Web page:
In response to a relatively thin body of economic information about rhino horn markets in China, a a behavioral economic study was designed and implemented in 2014 in collaboration with economists from academic and research institutions; shedding new light on China’s market for illicit rhino horn.
Conducted in five cities in eastern and southern China, the survey was designed to assess key purchasing drivers of potential demand for rhino horn products, measure willingness to pay for these products, evaluate whether there would be a destigmatisation effect from legalizing rhino horn, and to approximate a sound estimate of current total demand for rhino horn in China and potentially other southeast Asian countries.
The result, the “”Rhino Rage: What is driving illegal consumer demand for rhino horn?” by principal investigator Alex Kennaugh, is the first of its kind in its research methodology on the subject of rhino horn, and the first rhino horn behavioral economic study conducted in China since the 1980s. Unlike previous analysis available—either for or against an international commercial legal trade—some of the data collected are statistically significant.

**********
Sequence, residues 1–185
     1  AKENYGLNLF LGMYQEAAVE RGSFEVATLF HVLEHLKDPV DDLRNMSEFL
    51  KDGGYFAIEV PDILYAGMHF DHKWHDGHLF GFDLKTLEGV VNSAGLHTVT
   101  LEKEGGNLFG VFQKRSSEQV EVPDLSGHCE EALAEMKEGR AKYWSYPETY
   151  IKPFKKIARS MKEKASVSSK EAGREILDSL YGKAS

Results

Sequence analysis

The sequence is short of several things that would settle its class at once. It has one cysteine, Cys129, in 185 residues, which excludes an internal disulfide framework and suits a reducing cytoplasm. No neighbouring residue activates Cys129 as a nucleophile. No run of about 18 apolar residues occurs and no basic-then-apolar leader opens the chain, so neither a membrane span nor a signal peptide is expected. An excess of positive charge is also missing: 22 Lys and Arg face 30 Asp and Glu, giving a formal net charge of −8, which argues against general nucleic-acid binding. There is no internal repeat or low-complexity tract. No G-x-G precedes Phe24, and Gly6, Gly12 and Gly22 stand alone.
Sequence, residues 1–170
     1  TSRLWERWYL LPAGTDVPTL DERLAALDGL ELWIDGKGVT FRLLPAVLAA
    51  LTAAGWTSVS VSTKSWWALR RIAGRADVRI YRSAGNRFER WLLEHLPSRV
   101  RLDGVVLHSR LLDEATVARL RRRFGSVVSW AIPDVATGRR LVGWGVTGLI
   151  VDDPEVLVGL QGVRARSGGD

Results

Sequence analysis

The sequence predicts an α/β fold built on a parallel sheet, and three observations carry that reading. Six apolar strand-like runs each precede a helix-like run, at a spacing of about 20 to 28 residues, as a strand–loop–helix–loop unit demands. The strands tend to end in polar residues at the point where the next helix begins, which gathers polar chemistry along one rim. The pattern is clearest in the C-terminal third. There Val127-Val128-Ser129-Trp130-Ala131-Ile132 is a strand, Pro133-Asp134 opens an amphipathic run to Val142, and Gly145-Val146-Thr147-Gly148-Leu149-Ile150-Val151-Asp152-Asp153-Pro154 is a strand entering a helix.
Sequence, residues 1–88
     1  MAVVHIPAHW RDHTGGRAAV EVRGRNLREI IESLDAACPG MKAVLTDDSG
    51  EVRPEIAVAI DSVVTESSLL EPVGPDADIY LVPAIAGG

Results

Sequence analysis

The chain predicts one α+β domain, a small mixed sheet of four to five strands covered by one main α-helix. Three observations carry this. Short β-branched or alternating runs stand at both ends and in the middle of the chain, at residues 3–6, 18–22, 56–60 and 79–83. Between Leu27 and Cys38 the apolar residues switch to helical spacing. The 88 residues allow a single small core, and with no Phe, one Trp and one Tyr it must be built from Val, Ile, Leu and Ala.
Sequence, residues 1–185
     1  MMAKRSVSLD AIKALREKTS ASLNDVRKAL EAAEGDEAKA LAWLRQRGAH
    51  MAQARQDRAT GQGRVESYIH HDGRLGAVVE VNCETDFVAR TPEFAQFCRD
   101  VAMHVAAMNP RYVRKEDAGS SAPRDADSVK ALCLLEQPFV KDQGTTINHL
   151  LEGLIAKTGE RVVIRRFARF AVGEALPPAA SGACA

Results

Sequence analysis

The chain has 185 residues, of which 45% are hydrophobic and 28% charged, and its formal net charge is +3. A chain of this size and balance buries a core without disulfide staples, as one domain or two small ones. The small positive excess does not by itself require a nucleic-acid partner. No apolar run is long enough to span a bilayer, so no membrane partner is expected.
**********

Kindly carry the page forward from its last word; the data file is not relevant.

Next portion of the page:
Its analysis points to some key findings. Demand for rhino horn has differentiated into at least two key markets: medicine and luxury goods, Potential consumers behave differently in each market and exhibit regional differences, and the illegal status of the rhino horn trade and awareness of conservation issues dampen demand behaviour in both product markets.
Kennaugh intends to publish a peer-reviewed article in 2017 and the protocols, methodology and full data set are available on request for non-commercial uses. It is hoped that information from the survey could inform both the design of future research, the design of demand reduction and management strategies, and help draw a more comprehensive picture of potential consumer demand in Asia for rhino horn.
You can read and download the full report, by clicking the link below.